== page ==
Tomb of the Shah of Iran, Al-Rifa'i Mosque, Cairo, Egypt
The Al-Rifa'i Mosque was constructed in two phases over the period between 1869 and 1912, when it was finally completed. It was originally commissioned by Khushyar Hanim, the mother of the 19th century Khedive Isma'il Pasha to expand and replace the preexisting zawiya (shrine) of the medieval era Islamic saint Ahmad al-Rifa'i. The zawiya was a pilgrimage site for locals who believed that the tomb had mystical healing properties. Khushayer envisioned a dual purpose for the new structure as a house for sufi relics and a mausoleum for the royal family of Egypt. Over the course of its construction the architect, design, and purpose were changed.
The original architect was Husayn Fahmi Pasha al-Mi'mar, a distant cousin in the dynasty founded by Muhammad Ali in 1803. He died during the first phase of construction, and work was halted after Khedive Isma'il Pasha abdicated in 1880. Khushayar Hanim herself died in 1885, and work was not resumed until 1905 when the Khedive Abbas Hilmi II ordered its completion. Work was supervised by the Hungarian architect Max Herz, head of the Committee for the Conservation of Arab Monuments in Cairo.
The building itself is a melange of styles taken primarily from the Mamluk period of Egyptian history, including its dome and minaret. The building contains a large prayer hall as well as the shrines of al-Rifa'i and two other local saints, Ali Abi-Shubbak and Yahya al-Ansari.
The mosque is the resting place of Khushyar Hanim and her son Isma'il Pasha, as well as numerous other members of Egypt's royal family, including King Farouk, Egypt's last reigning king, whose body was interred here after his death in Rome in 1965. The mosque served briefly as the resting place of Reza Shah Pahlavi of Iran, who died in exile in South Africa in 1944, and was returned to Iran after World War II. Part of the burial chamber is currently occupied by Reza Shah's son Mohammed Reza Pahlavi, who died in Cairo in 1980.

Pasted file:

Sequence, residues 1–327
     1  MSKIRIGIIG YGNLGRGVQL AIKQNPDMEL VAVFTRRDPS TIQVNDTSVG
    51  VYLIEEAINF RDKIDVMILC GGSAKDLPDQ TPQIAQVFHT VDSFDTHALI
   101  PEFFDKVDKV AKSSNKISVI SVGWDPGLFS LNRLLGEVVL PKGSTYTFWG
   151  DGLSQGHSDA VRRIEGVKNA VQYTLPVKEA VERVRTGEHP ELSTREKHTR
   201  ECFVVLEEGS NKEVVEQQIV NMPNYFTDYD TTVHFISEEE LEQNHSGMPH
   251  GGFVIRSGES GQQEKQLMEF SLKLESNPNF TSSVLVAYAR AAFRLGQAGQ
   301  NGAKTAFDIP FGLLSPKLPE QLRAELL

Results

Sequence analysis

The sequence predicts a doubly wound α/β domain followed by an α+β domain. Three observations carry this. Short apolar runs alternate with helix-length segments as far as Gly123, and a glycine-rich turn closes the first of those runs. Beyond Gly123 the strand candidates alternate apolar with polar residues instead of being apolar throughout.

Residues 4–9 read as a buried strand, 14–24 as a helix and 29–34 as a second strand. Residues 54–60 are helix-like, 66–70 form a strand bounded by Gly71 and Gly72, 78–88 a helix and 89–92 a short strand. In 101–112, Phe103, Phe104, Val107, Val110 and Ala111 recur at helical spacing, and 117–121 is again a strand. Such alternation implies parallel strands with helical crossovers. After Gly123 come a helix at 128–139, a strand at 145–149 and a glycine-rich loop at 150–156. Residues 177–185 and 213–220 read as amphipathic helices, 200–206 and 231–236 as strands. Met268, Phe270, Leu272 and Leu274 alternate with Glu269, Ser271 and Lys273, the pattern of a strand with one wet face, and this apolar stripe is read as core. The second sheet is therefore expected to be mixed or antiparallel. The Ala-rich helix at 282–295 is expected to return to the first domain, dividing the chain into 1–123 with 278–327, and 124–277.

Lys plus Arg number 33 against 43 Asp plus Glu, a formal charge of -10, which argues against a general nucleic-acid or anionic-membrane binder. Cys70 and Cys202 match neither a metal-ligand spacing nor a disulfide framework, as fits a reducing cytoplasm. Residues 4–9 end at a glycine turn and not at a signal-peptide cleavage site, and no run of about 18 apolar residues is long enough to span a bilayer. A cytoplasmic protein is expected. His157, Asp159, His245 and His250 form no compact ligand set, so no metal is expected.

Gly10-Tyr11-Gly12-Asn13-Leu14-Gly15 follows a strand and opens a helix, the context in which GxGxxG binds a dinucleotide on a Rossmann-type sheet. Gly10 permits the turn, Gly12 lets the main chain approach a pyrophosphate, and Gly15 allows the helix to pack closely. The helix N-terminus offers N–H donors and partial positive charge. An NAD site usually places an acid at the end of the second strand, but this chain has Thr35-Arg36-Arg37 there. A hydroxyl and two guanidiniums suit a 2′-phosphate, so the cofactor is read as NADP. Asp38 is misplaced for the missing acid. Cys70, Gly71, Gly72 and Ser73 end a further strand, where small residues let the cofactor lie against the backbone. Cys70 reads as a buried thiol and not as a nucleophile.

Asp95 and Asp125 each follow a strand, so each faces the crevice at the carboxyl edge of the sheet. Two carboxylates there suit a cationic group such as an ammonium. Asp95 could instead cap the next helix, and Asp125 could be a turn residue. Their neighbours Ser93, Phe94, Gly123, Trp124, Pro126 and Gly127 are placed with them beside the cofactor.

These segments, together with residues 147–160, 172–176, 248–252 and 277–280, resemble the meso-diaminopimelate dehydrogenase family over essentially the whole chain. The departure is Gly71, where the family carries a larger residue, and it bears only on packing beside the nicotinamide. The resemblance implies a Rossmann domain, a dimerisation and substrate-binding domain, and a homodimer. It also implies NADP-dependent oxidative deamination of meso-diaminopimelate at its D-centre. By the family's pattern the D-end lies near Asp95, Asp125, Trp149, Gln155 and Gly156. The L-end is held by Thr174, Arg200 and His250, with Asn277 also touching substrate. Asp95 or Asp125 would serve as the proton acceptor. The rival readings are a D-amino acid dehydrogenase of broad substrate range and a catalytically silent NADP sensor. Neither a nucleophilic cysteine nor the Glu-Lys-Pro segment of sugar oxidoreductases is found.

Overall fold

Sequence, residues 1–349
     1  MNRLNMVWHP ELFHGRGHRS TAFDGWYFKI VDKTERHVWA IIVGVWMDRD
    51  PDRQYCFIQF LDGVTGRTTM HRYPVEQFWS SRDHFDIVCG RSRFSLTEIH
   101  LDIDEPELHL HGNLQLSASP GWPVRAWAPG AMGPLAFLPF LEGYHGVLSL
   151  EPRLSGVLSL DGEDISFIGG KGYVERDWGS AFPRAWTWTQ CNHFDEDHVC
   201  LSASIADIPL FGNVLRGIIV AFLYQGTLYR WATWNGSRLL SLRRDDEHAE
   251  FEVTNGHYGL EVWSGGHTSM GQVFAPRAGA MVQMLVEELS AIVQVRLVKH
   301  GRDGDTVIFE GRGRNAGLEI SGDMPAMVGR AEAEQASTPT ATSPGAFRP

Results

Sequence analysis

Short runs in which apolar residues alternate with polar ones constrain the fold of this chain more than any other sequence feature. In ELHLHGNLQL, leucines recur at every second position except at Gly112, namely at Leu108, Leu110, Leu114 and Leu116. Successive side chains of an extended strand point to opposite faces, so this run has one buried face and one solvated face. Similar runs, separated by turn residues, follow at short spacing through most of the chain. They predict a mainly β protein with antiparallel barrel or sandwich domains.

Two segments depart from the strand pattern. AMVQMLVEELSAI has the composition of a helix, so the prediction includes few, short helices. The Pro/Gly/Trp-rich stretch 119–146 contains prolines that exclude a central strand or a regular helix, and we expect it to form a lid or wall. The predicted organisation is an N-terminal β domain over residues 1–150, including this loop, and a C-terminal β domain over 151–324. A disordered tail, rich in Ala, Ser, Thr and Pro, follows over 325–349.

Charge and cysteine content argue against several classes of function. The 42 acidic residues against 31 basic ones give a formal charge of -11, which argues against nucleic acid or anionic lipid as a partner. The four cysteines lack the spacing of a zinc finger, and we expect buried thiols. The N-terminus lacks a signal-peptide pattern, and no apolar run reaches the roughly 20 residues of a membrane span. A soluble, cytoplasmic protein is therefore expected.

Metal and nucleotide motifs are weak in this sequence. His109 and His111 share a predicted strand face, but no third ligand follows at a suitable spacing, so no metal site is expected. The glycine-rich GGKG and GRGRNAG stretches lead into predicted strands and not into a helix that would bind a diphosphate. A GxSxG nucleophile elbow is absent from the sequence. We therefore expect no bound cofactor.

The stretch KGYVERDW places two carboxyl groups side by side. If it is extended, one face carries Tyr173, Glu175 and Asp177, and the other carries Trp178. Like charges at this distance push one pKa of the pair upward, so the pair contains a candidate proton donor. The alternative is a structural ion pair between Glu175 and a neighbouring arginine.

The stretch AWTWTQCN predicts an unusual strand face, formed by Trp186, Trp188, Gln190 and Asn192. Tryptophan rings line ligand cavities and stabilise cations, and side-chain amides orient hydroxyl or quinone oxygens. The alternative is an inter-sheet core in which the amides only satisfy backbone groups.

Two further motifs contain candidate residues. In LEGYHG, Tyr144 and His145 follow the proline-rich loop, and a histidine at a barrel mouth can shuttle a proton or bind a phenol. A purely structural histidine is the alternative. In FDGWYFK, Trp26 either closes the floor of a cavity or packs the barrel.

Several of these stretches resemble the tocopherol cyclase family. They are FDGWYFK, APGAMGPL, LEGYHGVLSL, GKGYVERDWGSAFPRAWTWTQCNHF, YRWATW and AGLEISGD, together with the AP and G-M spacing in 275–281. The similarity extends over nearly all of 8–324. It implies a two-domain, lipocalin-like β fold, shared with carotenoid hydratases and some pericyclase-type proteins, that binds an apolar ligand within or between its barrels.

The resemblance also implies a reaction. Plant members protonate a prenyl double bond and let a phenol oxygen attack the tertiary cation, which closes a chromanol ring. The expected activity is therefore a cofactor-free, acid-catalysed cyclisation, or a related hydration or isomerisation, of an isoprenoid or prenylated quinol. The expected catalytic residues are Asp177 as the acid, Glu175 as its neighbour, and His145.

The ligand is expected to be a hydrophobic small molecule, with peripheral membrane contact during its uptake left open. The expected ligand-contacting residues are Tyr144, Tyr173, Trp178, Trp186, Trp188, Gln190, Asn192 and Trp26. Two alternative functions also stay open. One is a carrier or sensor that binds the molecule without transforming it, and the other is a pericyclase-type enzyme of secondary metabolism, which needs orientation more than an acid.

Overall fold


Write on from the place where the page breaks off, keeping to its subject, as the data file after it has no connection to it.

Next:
Overview and History
Egypt has over one hundred pyramids, and the most famous are the ones just outside Cairo at Giza. Here's a look at the pyramids of Kheops and Khafren and... don't tell anybody... The Sphinx. Cairo is the largest city in Africa and the capital of Egypt. It is also known as "Paris on the Nile", "the City of a Thousand Minarets" and "the Triumphant City".
Cairo was originally settled in Paleolithic times. Around 3100 B.C. the legendary God-King Menes of the Dynastic Period united Upper and Lower Egypt and made his capital at Memphis, which is located only fifteen miles south of modern Cairo. Memphis was the religious center of On, or Heliopolis by the Greeks, the city of the Sun.
Persia invaded Egypt in 525 B.C. and built a strategic fort north of Memphis, calling it Babylon-on-the-Nile. The Persians used Babylon as their base until Alexander the Great conquered Egypt in 332 B.C. During the Greek period Babylon was not very important, but when Rome took over it regained strategic use.
The Roman general Trajan repaired the canal which allowed ships passage between the Red Sea and the Nile, passing through Babylon. The city grew in size and became a prominent center of the Christian religion, taking on a Coptic influence. The Coptic church, however, diverged from the main Christian church and left Babylon an easy target for invading Muslim Arabs. They arrived en masse and drove out the Roman army.
In 640 A.D. the Arab commander 'Amr ibn al-As moved the capital of Egypt away from Alexandria and re-established it at Fustat, the "city of Tents." Fustat was the original Muslim capital of Egypt and the location of its first Mosque. Since ancient times the location of Egypt has made it a major trade route between Europe, Africa and Asia. The city of Fustat thus grew from a military encampment into a thriving port city known around the world for its markets offering spices, fabric and perfume.